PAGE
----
…also, is it weird that I kind of like the cloven shoes? And derby makes me love me some booty shorts (with tights underneath…)

    • Katharine

      My only slightly off-topic contribution to this post’s excellent thoughts is that if I could afford them, I would LOVE a pair of Margiela split-toed boots — in the classic black leather, thank you, not the weird tan holey version — and would wear (or style, if you prefer) the heck out of them if they were mine. I’m a size 8, if anyone has a slightly worn pair they’d like to offload.

      • I’m totally with you Katharine! If anyone has a pair of them in size 6, I’d snap them up in a heartbeat!

        I tend to love those sort of statement pieces, especially in shoes. 🙂

  • Kate K

    This is a fantastic post Sal–so helpful! I’m at the point in my style evolution where I’ve practiced a lot *and* I’ve become inspired by more and more people (both real life and in blog-land) *and* I’ve become courageous enough to try new things. It’s a really exciting combination.

    As an example, I bought this Target dress last night (http://tinyurl.com/3ovzd7l) and even though it doesn’t work on its own for me (the fabric is just a bit too clingy), as I tried it on, I knew it would be perfect with a longer drapy cardigan over it, which is a bit of inspiration I picked up from one of the woman who works at a local art gallery.

    I got home, tried on the dress with the cardigan I had in mind and it was exactly how I imagined it and that was a first. A really really exciting first. It felt chic and effortless and comfortable and absolutely me.

  • Mia

    I’m still pretty new to dressing my body for style instead of simply for coverage, so I’m learning about a lot of things. There are some things I’m pretty sure I have down–what silhouette I’m most comfortable with and that looks good on me (fitted top with full, knee-length skirt)–but there are a lot of items out there that I haven’t quite figured out yet, like pencil skirts. Can I wear them and not look off-balance? Can I wear looser tops without looking bulky and shapeless? Practice has helped, and I’m looking forward to figuring things out more in the future, especially with inspiration from all the personal style bloggers I follow!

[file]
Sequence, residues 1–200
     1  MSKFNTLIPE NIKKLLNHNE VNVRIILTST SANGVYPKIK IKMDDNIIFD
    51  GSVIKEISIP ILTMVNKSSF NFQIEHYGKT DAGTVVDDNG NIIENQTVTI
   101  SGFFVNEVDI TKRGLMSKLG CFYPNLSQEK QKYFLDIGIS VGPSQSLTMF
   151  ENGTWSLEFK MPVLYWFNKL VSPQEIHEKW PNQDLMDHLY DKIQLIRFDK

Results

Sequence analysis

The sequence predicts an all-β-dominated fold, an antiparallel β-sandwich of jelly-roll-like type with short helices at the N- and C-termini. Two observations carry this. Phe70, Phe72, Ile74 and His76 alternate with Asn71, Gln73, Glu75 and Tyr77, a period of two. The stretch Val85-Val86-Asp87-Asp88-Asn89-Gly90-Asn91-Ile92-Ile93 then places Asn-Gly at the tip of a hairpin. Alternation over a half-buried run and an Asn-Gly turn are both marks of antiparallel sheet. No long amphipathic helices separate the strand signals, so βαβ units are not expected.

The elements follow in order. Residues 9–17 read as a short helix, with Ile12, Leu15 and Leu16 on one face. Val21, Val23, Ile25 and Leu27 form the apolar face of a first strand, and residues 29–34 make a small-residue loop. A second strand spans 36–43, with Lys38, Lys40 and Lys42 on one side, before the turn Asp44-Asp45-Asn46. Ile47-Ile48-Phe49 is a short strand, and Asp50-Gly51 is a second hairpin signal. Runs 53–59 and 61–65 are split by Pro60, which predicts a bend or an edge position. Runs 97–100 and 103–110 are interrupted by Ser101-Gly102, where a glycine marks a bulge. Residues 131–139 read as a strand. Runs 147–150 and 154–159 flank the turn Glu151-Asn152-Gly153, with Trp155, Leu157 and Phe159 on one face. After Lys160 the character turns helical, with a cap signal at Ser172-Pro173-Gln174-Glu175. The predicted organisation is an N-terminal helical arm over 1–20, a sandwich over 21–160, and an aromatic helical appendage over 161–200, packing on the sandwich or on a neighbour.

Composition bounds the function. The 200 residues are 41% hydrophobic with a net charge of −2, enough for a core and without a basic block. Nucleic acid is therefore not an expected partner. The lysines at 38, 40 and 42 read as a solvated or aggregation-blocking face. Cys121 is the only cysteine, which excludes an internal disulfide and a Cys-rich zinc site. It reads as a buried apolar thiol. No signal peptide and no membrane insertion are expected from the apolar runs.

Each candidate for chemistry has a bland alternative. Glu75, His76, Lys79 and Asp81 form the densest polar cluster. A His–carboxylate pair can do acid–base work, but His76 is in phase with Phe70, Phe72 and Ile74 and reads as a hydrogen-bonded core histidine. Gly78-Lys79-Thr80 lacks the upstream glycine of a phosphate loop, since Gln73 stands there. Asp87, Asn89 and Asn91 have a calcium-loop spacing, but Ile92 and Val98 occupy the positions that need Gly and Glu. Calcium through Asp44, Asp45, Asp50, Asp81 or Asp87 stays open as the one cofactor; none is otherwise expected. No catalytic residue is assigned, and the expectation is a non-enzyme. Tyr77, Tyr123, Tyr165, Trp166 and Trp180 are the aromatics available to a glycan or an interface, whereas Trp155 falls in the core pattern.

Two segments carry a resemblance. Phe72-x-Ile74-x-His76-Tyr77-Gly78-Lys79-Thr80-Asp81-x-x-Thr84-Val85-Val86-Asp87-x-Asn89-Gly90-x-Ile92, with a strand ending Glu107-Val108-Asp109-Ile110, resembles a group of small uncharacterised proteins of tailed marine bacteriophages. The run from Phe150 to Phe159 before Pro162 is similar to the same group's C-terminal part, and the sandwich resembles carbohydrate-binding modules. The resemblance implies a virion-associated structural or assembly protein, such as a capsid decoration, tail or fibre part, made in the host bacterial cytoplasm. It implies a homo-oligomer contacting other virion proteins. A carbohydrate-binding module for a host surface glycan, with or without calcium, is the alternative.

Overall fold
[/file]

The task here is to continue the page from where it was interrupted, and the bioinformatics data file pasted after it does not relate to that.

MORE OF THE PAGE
• Six months ago I didn’t care about style or fashion at all, and the thought of being my own stylist (or even having a stylist given to me), was something I would not entertain. Fast forward to now and while it isn’t my foremost priority, it is something that I find myself putting more energy and effort towards. Step one for me was actually getting the courage. The courage to break out of the style rut I have been in for the last 25 years and be willing to try something new. And frankly, it wasn’t easy, especially when others started noticing the changes I was making. I don’t like to draw a lot of attention to myself, so when others start noticing what I am doing, I tend to start panicking. I have worked really hard to get past this, and now that I have, I am starting to focus on the inspiration and practice aspects!

  • You always give great advice. I bought your mini makeover a while back & while I haven’t really finished it (I get easily distracted, lol) I feel like the tips are very helpful and I even managed to get rid of some stuff that I never wear.

  • T.

    Love this post!
    I’m all for shopping the closet, so I challenged myself to style some more-or-less unworn things that have an awkward shape or that I think don’t suit me. Sometimes it worked, sometimes it didn’t.
    And you’re right, you have to try on an outfit to see if it works, not just imagine it.

  • Love this post and appreciate the 5 points. I’ve been wanting to re-vamp my style and wear more clothes that I’m really drawn to but have previously thought I could never pull off.

  • rb

    I do have a personal style and I don’t vary from it often. It would definitely not be the stuff of blogs, because I don’t wear a lot of color and I wear the same “classic” items over and over. But I do read style/fashion blogs like yours, because I’m interested in fashion as an observer. I can appreciate a look that would have no place in my wardrobe.

  • Turophile

    I’ve been reading your blog for over a year now and have started following other fashion bloggers as well. I’m still not sure I understand what it means “to style”. When did this noun become a verb? I’m not being cheeky, but I still scratch my head at times when people say they’re going “to style” an outfit. Everyone has a style – it may be slovenly, it may be hip, but we all have style. Can you help me with this “style” verb please?

    • Sal

      Sure! I see style as a verb used like this: You build an outfit from building blocks. Shoes, skirt, shirt, cardigan. That’s dressing. Styling the outfit has to do with refining it, tweaking it, making it sing. So it involves both the choices for your building blocks – colors and textures and cuts for you your shoes, skirt, shirt, cardigan – and polishing it up with the appropriate accessories. Belts, scarves, brooches, earrings. The final level is hair, makeup, and overall grooming. Styling is what a stylist – like Rachel Zoe, pictured here – does professionally. Clothing is the medium, the stylist is the artist. Does that help?

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  • What a brilliant post. I’ve been lucky enough to always be true to my personal style and in fact, work as a stylist. I am going to recommend this article to everyone that doubts whether they can be “that girl” that wears whatever she wants and gets away with it.
    Thanks so much Sal.